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Measuring ammonia: time to be more lenient

Helen Aitkenhead, Consultant Clinical Scientist at Great Ormond Street Hospital for Children, looks at the latest on ammonia analysis and reporting.

Recognition and treatment of hyperammonaemia, especially in the neonatal period, is a clinical emergency. If patients are left untreated, morbidity and mortality are high.

Hyperammonaemia can be difficult to identify and clinicians are reliant on laboratories for the diagnosis. Sadly, the literature is littered with case reports of both children and adults who die as a consequence of hyperammonaemia. The rejection of samples for ammonia analysis by laboratories may be contributing to the problem.

Ammonia toxicity

Ammonia is produced from the deamination of amino acids in the liver, muscle and kidney, and by the action of gut bacteria. In the liver, ammonia is converted to urea, via the urea cycle, for excretion by the kidneys. In both children and adults, plasma ammonia levels are typically less than 40 μmol/L. In neonates, levels tend to be somewhat higher, but typically less than 100 μmol/L.

Mildly raised levels up to 80 μmol/L are seen quite commonly in children and adults, and in neonates any illness may result in levels around 150 μmol/L. Any ammonia >150 μmol/L in children, or >200 μmol/L in neonates and >100 μmol/L in adults requires immediate attention. Ammonia is neurotoxic, so symptoms are essentially neurological. However, there is a wide clinical spectrum with varying severity and age of onset. Neonates, with inherited metabolic disorders resulting in hyperammonaemia, may have overwhelming illness (often mistaken for sepsis) with rapid deterioration from poor feeding and vomiting to tachypnoea, convulsions and coma. Respiratory alkalosis may be an early sign.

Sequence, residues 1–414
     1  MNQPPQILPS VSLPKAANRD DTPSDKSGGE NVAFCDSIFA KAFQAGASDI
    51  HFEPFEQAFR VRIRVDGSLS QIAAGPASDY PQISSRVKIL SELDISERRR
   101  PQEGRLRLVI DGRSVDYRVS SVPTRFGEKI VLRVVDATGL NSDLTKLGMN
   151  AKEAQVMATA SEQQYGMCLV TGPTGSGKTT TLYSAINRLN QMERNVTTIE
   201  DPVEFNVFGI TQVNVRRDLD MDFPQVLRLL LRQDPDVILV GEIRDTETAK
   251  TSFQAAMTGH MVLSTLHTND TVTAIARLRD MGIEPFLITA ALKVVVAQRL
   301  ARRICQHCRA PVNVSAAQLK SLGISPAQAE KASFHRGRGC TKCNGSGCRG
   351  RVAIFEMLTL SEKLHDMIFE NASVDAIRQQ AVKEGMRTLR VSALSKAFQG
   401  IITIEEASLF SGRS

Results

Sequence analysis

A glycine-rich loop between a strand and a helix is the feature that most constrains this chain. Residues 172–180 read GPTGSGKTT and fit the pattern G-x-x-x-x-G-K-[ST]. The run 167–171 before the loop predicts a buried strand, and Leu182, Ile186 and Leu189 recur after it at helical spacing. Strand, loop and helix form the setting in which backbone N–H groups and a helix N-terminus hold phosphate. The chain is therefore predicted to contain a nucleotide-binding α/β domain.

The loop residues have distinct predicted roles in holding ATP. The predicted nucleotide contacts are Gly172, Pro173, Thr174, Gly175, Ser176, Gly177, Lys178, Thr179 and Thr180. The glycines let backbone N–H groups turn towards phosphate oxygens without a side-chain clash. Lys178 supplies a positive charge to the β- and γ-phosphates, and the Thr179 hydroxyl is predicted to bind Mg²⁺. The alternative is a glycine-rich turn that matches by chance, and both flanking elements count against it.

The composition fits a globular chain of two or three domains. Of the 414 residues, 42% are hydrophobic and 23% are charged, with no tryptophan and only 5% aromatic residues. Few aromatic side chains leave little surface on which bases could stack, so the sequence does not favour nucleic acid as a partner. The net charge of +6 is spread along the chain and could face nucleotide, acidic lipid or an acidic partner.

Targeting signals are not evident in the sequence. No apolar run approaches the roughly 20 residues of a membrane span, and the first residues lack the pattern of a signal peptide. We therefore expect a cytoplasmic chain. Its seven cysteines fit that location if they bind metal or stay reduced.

There should be a low threshold for suspicion of hyperammonaemia in any neonate with neurological deterioration for no apparent cause. Patients may die during an acute episode, due to cerebral oedema. Those who survive the crisis often have a remaining handicap or neurological deficit. Milder defects may result in chronic hyperammonaemia and may not present until later in life.

Symptoms may be episodic and non-specific, such as vomiting, faddy eating, behavioural changes, slow developmental progress and neurological deficits, meaning hyperammonaemia may be difficult to recognise. Untreated hyperammonaemia can cause irreversible brain damage and death at any age.

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